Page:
Re: Questions about draft-abarth-mime-sniff-00

Is it safe for all browsers to use the same algorithm here?

 From a purely biological view, having no diversity leads to increased risk.

Adam Barth wrote:
> Hi Lisa,
> On Mon, Apr 6, 2009 at 9:35 AM, Lisa Dusseault
> <> wrote:
>> 1.  Doesn't the threat model of mime sniffing need to assume that some
>> servers are malicious?  the last paragraph of section 1 implies that without
>> server cooperation, which implies trusting the server, the sniffing
>> procedure can lead to security problems.
> In most cases, when the server is malicious, the server can simply
> specify whatever type it likes in the Content-Type header and doesn't
> need to leverage the browser's content sniffing algorithm.  That said,
> there is a corner case where it's important to think about a malicious
> server: when someone (say a proxy or a firewall) is making a decision
> based on the media type of HTTP responses.  For example, a firewall
> might wish to block all images (for whatever reason) and then might be
> sad when an HTTP response is sniffing as an image.
> There isn't really a way to tweak the content sniffing algorithm to
> mitigate these issues.  Instead, we win here by having every user
> agent that performs sniffing use the same algorithm.  That way,
> vendors of proxies and firewalls can take sniffing into account (if
> they choose) when deciding which responses to block or transform.
>> 2.  "Extensions must not be used for determining resource types for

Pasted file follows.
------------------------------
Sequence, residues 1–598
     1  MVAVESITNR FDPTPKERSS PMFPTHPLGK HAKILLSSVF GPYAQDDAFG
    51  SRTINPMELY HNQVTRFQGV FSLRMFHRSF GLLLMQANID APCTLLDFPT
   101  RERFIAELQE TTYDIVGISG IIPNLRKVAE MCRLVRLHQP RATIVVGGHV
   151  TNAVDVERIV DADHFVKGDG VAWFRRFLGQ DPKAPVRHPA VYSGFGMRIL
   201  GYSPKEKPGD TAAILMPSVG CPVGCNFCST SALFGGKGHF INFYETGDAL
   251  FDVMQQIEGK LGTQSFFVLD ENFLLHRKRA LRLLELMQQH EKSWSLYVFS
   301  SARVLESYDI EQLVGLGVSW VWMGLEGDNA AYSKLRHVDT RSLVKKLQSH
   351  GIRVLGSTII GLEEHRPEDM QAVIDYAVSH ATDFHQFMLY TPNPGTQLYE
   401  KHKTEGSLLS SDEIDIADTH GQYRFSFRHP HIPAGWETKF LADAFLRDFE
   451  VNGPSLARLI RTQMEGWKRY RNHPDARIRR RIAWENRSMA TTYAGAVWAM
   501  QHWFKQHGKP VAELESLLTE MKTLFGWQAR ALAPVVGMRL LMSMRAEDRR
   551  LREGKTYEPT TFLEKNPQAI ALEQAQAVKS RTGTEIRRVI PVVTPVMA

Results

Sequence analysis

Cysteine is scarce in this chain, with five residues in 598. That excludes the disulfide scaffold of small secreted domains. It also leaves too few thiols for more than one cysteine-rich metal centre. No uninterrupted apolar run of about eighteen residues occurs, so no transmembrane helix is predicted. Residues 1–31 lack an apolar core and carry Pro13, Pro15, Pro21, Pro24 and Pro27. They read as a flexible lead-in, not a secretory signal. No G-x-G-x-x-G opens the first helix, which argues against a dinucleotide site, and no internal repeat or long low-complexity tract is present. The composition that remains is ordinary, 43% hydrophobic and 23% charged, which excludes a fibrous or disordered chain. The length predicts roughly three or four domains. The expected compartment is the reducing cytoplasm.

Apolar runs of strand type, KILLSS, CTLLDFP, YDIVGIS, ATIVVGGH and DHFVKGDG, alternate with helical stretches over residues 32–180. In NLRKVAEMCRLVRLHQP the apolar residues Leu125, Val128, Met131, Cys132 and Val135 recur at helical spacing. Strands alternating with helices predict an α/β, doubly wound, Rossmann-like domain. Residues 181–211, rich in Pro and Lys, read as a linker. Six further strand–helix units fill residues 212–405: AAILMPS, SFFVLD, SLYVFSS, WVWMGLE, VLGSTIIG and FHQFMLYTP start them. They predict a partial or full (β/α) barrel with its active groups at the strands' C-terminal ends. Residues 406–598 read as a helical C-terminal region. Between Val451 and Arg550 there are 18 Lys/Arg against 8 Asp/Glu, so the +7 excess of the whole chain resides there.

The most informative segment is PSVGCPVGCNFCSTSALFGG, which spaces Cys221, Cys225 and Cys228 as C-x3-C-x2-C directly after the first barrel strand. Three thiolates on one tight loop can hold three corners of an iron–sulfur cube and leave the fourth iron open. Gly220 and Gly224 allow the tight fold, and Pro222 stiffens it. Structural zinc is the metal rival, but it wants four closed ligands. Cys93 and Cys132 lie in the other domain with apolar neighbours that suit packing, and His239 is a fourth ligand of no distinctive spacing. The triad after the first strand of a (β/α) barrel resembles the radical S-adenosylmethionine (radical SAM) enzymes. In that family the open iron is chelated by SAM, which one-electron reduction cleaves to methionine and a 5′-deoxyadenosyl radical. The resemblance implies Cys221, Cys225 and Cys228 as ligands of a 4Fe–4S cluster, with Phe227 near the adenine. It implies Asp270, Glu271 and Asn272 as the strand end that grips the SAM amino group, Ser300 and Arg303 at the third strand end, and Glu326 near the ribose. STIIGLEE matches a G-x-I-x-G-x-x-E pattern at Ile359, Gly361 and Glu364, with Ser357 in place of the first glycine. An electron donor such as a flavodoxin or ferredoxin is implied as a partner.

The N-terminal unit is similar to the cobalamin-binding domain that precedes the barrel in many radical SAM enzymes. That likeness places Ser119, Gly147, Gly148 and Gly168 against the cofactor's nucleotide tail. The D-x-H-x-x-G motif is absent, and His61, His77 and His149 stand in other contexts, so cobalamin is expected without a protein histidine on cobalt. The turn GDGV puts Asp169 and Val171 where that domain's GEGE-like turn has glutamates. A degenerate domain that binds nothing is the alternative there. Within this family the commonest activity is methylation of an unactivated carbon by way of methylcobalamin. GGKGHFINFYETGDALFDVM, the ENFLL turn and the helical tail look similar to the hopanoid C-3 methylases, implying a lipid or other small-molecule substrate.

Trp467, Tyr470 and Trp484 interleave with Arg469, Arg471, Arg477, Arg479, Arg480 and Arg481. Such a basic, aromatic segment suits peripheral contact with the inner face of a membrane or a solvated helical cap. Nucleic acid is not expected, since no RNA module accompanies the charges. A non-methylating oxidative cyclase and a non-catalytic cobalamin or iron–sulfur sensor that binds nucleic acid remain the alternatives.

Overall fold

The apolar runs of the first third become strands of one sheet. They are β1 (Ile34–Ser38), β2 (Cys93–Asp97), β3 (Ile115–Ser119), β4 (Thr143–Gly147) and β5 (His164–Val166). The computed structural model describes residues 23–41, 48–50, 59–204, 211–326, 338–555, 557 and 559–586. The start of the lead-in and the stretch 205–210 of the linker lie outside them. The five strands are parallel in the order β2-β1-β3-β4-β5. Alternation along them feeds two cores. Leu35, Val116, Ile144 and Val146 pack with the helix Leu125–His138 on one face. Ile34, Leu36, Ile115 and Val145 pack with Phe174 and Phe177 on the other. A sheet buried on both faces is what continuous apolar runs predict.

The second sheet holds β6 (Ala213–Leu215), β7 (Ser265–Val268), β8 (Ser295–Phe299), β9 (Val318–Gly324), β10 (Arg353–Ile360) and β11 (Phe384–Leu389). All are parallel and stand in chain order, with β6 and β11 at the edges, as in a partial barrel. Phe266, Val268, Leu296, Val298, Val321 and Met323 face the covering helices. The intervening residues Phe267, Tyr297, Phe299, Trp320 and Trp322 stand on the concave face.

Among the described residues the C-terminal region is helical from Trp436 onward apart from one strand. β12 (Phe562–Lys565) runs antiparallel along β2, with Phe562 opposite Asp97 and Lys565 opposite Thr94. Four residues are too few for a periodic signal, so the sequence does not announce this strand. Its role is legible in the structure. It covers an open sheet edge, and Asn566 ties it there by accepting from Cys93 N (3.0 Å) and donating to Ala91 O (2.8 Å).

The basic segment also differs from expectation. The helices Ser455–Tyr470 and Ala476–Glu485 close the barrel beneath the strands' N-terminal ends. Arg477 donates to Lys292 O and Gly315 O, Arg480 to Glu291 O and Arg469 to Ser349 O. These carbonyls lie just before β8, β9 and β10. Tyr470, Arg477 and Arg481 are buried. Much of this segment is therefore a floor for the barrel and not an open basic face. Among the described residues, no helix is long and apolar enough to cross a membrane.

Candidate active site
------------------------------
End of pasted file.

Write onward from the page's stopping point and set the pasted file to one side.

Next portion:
>> resources fetched over HTTP."  why is this a needed requirement?  And should
>> there be an exception for IETF Standards Track extensions that offer more
>> information on resource types?
> This requirement is not strictly necessary, but using the extension to
> sniff is problematic from a security point of view because the
> extension can often be chosen by an attacker.  For example, by
> default, PHP let's the attacker choose an arbitrary extension.  In
> particular, suppose that uses a PHP script to retrieve
> user avatars from its database:
> By default, this server will also respond with the same content (which
> might be controlled by the attacker) when the user's browser requests
> this URL:
> If we take the extension into account, we're more likely to be tricked
> into sniffing "incorrectly."
> Can you give an example of something you think ought to be an
> exception to this requirement?
>> 3.  Having a fixed table of types with patterns to look for, doesn't fully
>> address why we will always have content sniffing: new content types are
>> created that servers don't recognize, but a client could be updated to
>> recognize.  Should the table simply be a starter set and clients can extend
>> at will?  Or is there reason (and a reasonable way)  to create an IANA
>> registry for new patterns/types?
> Which types browsers sniff for has been fairly stable for a reasonable
> period of time.  I haven't studied historical sniffing algorithms in
> detail, but I believe image/png was the most recent type added to
> widely used algorithms.  In my view, content sniffing is most useful
> for interoperating with existing Web content.  It might be worth
> having a registry for new types, but I'd expect we'd only add a new
> type on the order of every 5-10 years.
>> 4.  Are there any best-practice guidelines for working with users?  E.g.
>> allowing a user to choose "text/html" for unmarked content might be a
>> security hazard.  We don't want specific user interface requirements, but
>> this document seems like a good place to extend security considerations to
>> getting input from users, if there are such guidelines.
> As far as I know, none of the major implementations of content
> sniffing provide user overrides.  This is in contrast to charset
> detection, where most major implementations let the user override.  (I
> believe this is because charsets are a huge mess in Asia.)  I think it
> makes sense to discuss this in the draft.  I'll add it to the next
> version.
> Adam

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Received on Monday, 6 April 2009 21:42:55 UTC